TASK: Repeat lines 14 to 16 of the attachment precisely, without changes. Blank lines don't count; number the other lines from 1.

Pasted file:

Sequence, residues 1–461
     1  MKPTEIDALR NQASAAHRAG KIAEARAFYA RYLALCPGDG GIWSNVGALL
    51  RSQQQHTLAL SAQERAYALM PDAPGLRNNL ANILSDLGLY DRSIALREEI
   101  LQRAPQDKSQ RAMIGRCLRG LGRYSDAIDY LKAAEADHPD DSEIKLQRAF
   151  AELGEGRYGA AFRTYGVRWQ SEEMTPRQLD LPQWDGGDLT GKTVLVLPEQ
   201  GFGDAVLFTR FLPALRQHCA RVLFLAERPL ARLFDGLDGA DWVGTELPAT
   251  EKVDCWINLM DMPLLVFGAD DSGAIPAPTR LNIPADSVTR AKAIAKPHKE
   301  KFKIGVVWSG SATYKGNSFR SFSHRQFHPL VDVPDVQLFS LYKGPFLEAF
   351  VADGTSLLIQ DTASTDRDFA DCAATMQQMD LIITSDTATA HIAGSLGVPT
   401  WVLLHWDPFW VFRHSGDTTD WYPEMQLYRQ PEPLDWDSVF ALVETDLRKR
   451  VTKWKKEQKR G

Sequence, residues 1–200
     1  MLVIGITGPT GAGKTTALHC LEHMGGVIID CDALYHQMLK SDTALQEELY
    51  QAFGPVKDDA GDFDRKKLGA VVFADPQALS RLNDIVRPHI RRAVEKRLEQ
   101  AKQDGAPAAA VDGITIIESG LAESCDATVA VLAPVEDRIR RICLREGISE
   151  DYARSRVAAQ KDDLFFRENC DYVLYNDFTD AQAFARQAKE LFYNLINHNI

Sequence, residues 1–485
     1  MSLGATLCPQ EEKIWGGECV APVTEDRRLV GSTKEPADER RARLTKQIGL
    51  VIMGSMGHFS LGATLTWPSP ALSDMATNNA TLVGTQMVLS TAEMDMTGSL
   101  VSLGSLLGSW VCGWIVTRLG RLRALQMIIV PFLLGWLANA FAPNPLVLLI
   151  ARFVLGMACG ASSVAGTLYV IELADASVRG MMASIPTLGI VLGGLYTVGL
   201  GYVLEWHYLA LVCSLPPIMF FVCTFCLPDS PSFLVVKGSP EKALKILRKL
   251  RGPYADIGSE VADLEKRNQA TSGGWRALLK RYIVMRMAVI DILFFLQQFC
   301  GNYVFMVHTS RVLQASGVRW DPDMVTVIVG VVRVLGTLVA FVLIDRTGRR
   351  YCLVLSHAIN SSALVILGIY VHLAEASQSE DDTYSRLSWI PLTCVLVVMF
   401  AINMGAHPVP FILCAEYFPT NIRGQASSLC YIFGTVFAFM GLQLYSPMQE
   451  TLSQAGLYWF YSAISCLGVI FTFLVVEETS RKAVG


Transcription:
    51  QAFGPVKDDA GDFDRKKLGA VVFADPQALS RLNDIVRPHI RRAVEKRLEQ
   101  AKQDGAPAAA VDGITIIESG LAESCDATVA VLAPVEDRIR RICLREGISE
   151  DYARSRVAAQ KDDLFFRENC DYVLYNDFTD AQAFARQAKE LFYNLINHNI